While Node.js allows you work with data streams (ie. chunked data), that does not necessarily mean that "Node.js never buffers data" - that is up to the developer to handle.
Typical streaming is done by creating a callback which receives data over a period of time, does something with that data, or handles it off to another stream.
This means that the consumer of the data can get it more readily without having to wait for the entire operation to complete.
This is what TutorialPoint was eluding to, although poorly said — and for the most part, incorrect.
Bufferring is actually key to working with streamable data.
In the sense that the actual data will reside in a Buffer until your Callback pulls the data out of the stream to work with.
This is why Node.JS has Buffer classes and libraries such as stream-buffers, to facilitate stream data access.
A common pain point in dealing with streams & buffers is something called: "Back Pressure"
This is when you have a data stream with a Producer and a Consumer, but due to load issues, your Consumers are falling behind in consuming the data at a fast enough pace compared to the rate of the Producers pumping data into the stream.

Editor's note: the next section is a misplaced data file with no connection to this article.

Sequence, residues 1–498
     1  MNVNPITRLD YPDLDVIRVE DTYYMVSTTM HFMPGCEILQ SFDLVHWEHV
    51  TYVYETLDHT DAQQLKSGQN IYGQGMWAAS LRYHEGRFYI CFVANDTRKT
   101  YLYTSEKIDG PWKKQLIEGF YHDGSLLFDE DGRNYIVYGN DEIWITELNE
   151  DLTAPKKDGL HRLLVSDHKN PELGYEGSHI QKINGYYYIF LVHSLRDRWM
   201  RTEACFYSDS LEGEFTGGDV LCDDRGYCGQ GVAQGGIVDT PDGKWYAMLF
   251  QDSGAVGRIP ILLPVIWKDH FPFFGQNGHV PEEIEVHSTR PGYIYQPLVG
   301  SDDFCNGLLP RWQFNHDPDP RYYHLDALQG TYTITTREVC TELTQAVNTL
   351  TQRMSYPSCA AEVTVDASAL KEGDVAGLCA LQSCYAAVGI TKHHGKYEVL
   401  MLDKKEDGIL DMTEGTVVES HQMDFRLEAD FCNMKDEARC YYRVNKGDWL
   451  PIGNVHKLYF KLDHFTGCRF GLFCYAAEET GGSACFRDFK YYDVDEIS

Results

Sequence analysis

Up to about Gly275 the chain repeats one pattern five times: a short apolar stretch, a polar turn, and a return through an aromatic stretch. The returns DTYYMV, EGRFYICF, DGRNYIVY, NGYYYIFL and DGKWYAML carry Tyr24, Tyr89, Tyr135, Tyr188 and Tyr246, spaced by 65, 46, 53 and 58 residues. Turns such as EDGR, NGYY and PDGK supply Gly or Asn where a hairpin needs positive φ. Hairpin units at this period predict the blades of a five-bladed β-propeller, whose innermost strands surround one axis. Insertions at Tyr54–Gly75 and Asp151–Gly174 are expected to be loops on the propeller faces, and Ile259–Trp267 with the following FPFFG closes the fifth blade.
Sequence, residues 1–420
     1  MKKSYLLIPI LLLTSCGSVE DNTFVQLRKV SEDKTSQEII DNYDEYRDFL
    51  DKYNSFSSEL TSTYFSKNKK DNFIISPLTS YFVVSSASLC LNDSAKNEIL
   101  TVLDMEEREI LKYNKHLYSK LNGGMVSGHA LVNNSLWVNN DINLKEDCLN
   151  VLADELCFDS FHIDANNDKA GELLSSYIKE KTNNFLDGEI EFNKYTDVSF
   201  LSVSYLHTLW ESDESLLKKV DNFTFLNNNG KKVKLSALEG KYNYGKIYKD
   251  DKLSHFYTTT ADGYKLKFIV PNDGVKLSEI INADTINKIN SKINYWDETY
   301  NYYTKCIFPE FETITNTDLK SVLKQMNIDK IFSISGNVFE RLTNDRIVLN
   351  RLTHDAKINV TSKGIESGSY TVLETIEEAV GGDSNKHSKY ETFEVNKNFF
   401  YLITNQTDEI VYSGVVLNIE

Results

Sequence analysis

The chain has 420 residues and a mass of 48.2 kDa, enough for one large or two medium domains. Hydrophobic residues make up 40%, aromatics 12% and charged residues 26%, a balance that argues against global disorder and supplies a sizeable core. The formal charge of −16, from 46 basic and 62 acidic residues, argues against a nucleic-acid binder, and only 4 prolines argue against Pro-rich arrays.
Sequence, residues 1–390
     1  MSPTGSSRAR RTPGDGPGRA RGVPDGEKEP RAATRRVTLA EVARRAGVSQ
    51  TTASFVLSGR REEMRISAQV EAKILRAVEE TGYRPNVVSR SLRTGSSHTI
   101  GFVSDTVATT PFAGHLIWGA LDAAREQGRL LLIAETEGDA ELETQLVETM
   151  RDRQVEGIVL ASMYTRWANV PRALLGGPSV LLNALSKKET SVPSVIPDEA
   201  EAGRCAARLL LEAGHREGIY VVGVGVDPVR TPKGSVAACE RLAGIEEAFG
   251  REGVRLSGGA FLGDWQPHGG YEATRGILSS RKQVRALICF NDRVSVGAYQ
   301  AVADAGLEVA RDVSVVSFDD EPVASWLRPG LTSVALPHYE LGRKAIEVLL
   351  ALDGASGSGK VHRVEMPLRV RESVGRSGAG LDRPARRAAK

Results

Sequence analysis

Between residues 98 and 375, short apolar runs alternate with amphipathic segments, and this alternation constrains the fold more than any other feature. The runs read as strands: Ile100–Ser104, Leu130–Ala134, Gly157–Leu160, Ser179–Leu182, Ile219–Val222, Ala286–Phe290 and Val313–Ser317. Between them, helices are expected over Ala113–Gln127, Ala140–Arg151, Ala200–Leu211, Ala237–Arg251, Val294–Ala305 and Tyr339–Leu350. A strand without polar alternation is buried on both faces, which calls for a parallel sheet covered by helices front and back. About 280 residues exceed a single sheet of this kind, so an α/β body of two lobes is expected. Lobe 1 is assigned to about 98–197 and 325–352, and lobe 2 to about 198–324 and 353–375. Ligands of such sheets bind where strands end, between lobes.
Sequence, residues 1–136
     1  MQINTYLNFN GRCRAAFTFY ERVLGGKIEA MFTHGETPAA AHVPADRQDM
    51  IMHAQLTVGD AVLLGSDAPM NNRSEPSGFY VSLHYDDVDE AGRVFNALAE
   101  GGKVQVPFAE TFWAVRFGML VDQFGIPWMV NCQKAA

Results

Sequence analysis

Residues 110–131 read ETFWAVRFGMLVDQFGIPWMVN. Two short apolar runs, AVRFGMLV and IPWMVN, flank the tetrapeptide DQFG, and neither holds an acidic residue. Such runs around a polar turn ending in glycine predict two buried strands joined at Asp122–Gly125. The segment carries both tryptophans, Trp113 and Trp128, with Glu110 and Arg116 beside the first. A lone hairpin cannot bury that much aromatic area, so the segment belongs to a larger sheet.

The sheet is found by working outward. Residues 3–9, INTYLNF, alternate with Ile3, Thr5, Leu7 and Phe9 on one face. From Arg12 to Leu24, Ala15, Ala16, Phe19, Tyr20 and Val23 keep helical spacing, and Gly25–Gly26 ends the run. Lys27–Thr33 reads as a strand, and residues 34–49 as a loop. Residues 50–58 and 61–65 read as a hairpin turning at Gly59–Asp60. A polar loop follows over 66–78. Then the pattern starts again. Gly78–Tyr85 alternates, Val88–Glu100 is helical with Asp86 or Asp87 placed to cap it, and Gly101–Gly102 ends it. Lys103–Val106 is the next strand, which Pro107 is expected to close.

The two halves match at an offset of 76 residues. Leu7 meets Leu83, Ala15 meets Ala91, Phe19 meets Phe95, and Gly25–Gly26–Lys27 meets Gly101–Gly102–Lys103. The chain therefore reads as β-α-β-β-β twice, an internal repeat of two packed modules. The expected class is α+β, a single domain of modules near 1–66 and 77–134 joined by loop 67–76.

This causes the so called "back pressure" effect, and can bring down a system if the Producers are not rate limited.
Back pressure is relevant to the discussion because it is caused by the buffer being filled faster than your callback can push out data back to the user or another stream.
Therefore, bufferring — at some level or another— is essential to the operation of Node.js and is how it handles continuous streams of data. That is why Buffer class exists, as well as Streaming buffers — to facilitate the movement of data between callbacks.